Paula’s curiosity in the Milk Cure was piqued after receiving a copy of The Untold Story of Milk by Dr. Ron Schmid for Christmas. Paula writes:
Reading is one of my favorite pastimes and I quickly dove in. I was especially intrigued by the chapter on the healing benefits of the “raw milk cure” which had its roots with one of the founders of the Mayo Clinic. Best time to do this was spring. I put that on hold in the back of mind.
Paula continues …
Uncovering my winter body and its feeding frenzy of “good” foods but a few too many and far more than the occasional indulgence of homemade ice cream made me decide to join the yearly Swimsuit Challenge with my clients at my CrossFit facility. I was ready to start, it was time to shed the 11 pounds of fat I had managed to put on from about September until now. I also felt like I needed to cleanse or detox a little. Now I love my food and I am not going to go without sustenance no matter how good the purported benefits of fasting. I had been reading and becoming a bit of a believer in Intermittent Fasting on the Paleo and Primal websites but the milk fast seemed the perfect answer–I could fast yet still get nutrients and preserve lean mass. The idea of just broth and water was not enough for me and juices provided far too many simple carbohydrates. Milk is the perfect food. At 146 calories per 8 oz., 7.9 g of fat, 11g carb and 7.9 g of protein that put its macronutrient ratios at 49% fat, 21% protein and 30% carbs. A little higher in the carb content than I am used to but very close to an ideal or perfect food.
Let’s see how Paula is faring starting her second week on the Milk Cure:
The Milk Cure in Action: Days 7-9
Day 7: Slept so so? No rhyme or reason I suppose. Was down 1.8 pounds yesterday and only down 1 lb today? Of course I have not been active. Staying with 3 quarts per day of raw milk though. Feel pretty much the same, no hunger. Did have a craving when my husband grilled a big juicy grass fed sirloin yesterday (yum) and he even offered to eat outside. And the bacon he cooked for breakfast smelled really good. If it wasn’t around me it wouldn’t have bothered me. Weekdays easier; missed cooking yesterday. Felt like working out today and had a great workout of heavy pull ups, 1 legged squats and some body weight exercises to get a good sweat going. Took warm salt baths this weekend as rx’d in some of the articles I have come across.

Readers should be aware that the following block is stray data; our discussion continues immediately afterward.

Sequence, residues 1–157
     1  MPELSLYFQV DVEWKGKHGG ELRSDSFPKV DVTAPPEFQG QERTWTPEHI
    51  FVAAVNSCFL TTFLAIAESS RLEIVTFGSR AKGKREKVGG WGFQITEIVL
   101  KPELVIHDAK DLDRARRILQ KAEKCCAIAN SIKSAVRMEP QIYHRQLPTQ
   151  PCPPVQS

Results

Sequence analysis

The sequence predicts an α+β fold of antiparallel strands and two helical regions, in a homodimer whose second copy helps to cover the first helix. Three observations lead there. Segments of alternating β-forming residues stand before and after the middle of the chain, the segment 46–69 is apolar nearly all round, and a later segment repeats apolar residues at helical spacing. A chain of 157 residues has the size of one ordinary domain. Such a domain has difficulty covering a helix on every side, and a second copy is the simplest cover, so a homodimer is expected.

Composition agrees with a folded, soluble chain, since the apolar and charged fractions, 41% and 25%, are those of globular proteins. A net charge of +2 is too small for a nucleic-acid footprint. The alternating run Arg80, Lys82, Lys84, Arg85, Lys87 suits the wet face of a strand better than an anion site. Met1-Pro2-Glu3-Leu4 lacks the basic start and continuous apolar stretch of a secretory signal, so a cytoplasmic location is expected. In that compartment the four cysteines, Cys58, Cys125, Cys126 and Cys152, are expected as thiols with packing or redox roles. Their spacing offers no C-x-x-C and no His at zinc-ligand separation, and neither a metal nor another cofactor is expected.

Day 8: Slept pretty good. Elimination not a problem, moving well and still a light tan color. No hunger, no cravings. Very busy day; great energy. Felt yesterday’s workout in a good way and took a day off more because of my schedule than not wanting to workout. All well and routine today.
Day 9: Did not sleep well? Very busy day, got home late and could not wind down. Very unusual for me and I do not think it is related to the fast. I did however have an incredible amount of energy and felt like I had about 4 more hours of work left in me but knew it was time to shut it down. I reduced my quota to 10 ½ cups yesterday to facilitate fat loss while on the fast. Noticed no difference in energy but was a tad hungrier this am. Heightened sense of awareness and mental clarity continues. Interesting: it seems my clients are intrigued by the raw milk fast that I am doing and now 3 of them have jumped on the bandwagon. After class this morning I and 2 of the other women were talking about it and I am curious about why 3 different women would have 3 different results. One is constipated, badly. One is going all the time and I am going the same as I was before. Why is that? Yes, I know we are all different to a degree and have different issues but I would love to know the possible whys. . . Sarah? One thing I was comforted to find out was that the color was the same for everyone light tan/slight yellow. Never having had children I had no idea what color their elimination product was on a milk diet but one Mom compared it to that. And to be honest, I have no desire. Time for some more milk!
Stay tuned. Days 10-12 posted tomorrow!
Sarah, The Healthy Home Economist